When Landrieu first became New Orleans’ Mayor, the recovery from Hurricane Katrina had been stalled, the city was nearly bankrupt, and the New Orleans Police Department was under federal investigation. He created a diverse citizen-led transition committee and hired a consulting firm Public Strategies Group (PSG) to assess city government operations. PSG senior partner David Osborne noted that Landrieu had “inherited the least competent city government he’d ever seen in the country and the most corrupt (Maldonado, 9/12/11, nola.com, Behn, “Brookings Institution Press,” 2014).”


Landrieu promoted recovery by fast-tracking over 100 projects and securing billions in federal funding from FEMA and HUD (the Department of Housing and Urban Development) for schools, hospitals, parks, playgrounds, and critical infrastructure, particularly roads and drainage. Landrieu brought sound fiscal management, balanced budgets, and ethical contracting to City Hall. As a result, New Orleans received the highest-ever credit rating and over $8 billion in private development (nola.gov/mayor/bio). Since 2010, more than 20,000 new jobs have been added and spending from tourism has now surpassed pre-Katrina highs. Landrieu launched the world’s first resilience strategy, to build for the future, “Resilient New Orleans.” Since Landrieu took office the “Wall Street Journal’s Market Watch” named New Orleans one of the “most improved cities for business.” You get the idea.


Landrieu championed reforming the New Orleans Police Department in partnership with the Department of Justice. He overhauled the use of force policies way before the George Floyd Minneapolis, MN killing, and led the nation in the use of body cameras. Landrieu improved law enforcement relationships with the community and helped reduce arrests for minor offenses. With the help of local and federal law enforcement, Landrieu went after the most dangerous gangs that had increased the city’s murder rate. He pushed for equal economic opportunity and launched programs for black male achievement (nola.gov/mayor/bio).


In 2015, Landrieu pushed for the removal of statues prominently honoring Confederate generals, including Robert E. Lee as well as Confederate President Jefferson Davis. After these statues were removed in 5/2017, with no violence, Landrieu made an address that went viral. He spoke of why he ordered their removal. It was an eloquent speech and received much national praise (nytimes.com, Bruni, 5/23/17). And yes, Mayor Landrieu did not call those wanting these statues displayed “very fine people.” He did not praise the likes of David Duke and his neo-Nazi friends, something Demagogue Donald did three months later after the fatal white supremacist riot in Charlottesville, VA. In 2018, the JFK Library Foundation awarded Landrieu its Profile in Courage Award for removing these Confederate monuments. Landrieu was the author of a NY Times best seller, “In the Shadow of Statues: A White Southerner Confronts History (amazon.com).”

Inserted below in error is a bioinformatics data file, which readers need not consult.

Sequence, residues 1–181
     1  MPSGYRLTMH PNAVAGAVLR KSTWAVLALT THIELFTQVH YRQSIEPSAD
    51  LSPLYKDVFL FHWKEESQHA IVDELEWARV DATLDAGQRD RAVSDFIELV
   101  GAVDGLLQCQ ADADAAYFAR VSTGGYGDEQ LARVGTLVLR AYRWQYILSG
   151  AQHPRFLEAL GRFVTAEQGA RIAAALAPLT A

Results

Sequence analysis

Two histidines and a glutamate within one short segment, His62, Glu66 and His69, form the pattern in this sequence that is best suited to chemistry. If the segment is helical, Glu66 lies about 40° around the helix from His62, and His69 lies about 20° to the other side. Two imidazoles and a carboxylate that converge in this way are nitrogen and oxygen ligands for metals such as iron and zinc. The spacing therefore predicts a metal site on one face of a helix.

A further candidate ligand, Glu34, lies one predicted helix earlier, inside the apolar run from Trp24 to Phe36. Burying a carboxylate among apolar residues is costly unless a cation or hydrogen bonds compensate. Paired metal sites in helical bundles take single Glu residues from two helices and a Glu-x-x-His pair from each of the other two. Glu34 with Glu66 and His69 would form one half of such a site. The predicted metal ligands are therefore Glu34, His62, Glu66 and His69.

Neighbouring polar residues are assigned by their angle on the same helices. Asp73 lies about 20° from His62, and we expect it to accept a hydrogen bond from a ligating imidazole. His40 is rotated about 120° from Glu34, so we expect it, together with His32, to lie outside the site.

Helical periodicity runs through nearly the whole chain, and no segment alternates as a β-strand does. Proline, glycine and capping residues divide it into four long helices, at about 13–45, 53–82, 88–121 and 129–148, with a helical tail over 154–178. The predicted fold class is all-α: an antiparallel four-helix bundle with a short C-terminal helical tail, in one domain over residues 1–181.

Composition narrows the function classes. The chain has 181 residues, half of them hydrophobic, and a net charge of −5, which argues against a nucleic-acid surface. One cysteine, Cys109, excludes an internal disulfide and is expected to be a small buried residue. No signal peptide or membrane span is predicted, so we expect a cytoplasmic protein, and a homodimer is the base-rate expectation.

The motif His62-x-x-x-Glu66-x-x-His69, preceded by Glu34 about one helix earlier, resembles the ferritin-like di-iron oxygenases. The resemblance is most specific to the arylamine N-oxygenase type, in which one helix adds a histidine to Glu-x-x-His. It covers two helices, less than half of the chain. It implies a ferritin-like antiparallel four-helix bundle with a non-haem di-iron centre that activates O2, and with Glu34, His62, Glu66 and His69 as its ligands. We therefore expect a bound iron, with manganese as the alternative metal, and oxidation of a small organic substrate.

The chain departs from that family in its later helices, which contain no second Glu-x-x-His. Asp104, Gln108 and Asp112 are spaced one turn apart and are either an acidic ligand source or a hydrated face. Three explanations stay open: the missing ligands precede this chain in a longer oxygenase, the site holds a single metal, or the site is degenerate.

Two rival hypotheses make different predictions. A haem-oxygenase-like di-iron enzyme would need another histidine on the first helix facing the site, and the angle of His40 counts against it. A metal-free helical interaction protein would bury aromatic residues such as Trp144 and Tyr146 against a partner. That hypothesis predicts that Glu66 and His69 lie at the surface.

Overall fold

In 2017-2018, Landrieu served as president of the U.S. Conference of Mayors, the non-partisan organization of cities with a population of 30,000 or larger (Globenewswire.com). The many mayors who will now be involved with infrastructure projects could not have a better friend in their corner attuned to their needs. In a 2016 “Politico” survey of mayors across America, Landrieu’s peers praised him as the leader “who engineered the biggest turnaround.” “Politico” wrote that “Mitch Landrieu is enjoying what is widely hailed as one of the most successful mayorships in America, leading efforts on public health, infrastructure, and a personal crusade against gun violence (nola.gov/mayor/bio/).”


As I previously noted, passing the BIF is only the first part of the infrastructure battle. Biden still must pass the second part of his infrastructure bill, or Victory #3 for the American people to become a truly transformative POTUS. That is the BBB or “Build Back Better” plan, the approximately $1.9 trillion social safety net part of the infrastructure bill (See cnn.com, Raju, 11/12/21). No GOPer will vote for this bill in either chamber. In order to get this bill past any GOP filibuster, Democrats are using the reconciliation process. Under reconciliation, all 50 Senators, including WVA conservative Democrat Joe Manchin, must agree to this bill. VP Kamala Harris could then cast the key 51st tie-breaking vote. In the House, Cong. Pramila Jayapal’s (D-WA) House Progressive Caucus will have to understand the meaning of compromise and go along with the tradeoffs Manchin may want or BBB will be killed. Many hope to pass this bill prior to Thanksgiving, but it will probably take longer. In any event, if Democrats want to keep the House and Senate in 2022 and help Biden’s poll numbers go up, they must pass this BBB legislation ASAP with no ugly bickering. In the meantime, let’s rejoice “bigly” over the passage of the BIF and the selection of Mitch Landrieu to oversee it.